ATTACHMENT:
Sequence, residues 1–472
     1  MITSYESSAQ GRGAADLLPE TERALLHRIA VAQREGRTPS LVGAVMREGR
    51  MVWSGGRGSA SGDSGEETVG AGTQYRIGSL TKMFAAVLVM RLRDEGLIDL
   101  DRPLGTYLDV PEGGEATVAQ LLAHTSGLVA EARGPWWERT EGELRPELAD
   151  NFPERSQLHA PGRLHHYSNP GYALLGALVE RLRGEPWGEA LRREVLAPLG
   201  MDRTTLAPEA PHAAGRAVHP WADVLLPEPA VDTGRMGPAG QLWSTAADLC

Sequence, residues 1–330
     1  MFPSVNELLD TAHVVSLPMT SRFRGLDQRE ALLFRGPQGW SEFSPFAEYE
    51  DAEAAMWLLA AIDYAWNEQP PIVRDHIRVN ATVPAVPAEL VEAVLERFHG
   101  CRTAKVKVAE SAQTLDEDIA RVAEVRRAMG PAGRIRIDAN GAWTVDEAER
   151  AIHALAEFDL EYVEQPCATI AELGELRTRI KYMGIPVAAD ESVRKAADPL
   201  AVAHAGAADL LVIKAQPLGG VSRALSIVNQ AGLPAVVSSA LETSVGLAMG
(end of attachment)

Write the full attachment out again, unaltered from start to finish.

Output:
Sequence, residues 1–472
     1  MITSYESSAQ GRGAADLLPE TERALLHRIA VAQREGRTPS LVGAVMREGR
    51  MVWSGGRGSA SGDSGEETVG AGTQYRIGSL TKMFAAVLVM RLRDEGLIDL
   101  DRPLGTYLDV PEGGEATVAQ LLAHTSGLVA EARGPWWERT EGELRPELAD
   151  NFPERSQLHA PGRLHHYSNP GYALLGALVE RLRGEPWGEA LRREVLAPLG
   201  MDRTTLAPEA PHAAGRAVHP WADVLLPEPA VDTGRMGPAG QLWSTAADLC

Sequence, residues 1–330
     1  MFPSVNELLD TAHVVSLPMT SRFRGLDQRE ALLFRGPQGW SEFSPFAEYE
    51  DAEAAMWLLA AIDYAWNEQP PIVRDHIRVN ATVPAVPAEL VEAVLERFHG
   101  CRTAKVKVAE SAQTLDEDIA RVAEVRRAMG PAGRIRIDAN GAWTVDEAER
   151  AIHALAEFDL EYVEQPCATI AELGELRTRI KYMGIPVAAD ESVRKAADPL
   201  AVAHAGAADL LVIKAQPLGG VSRALSIVNQ AGLPAVVSSA LETSVGLAMG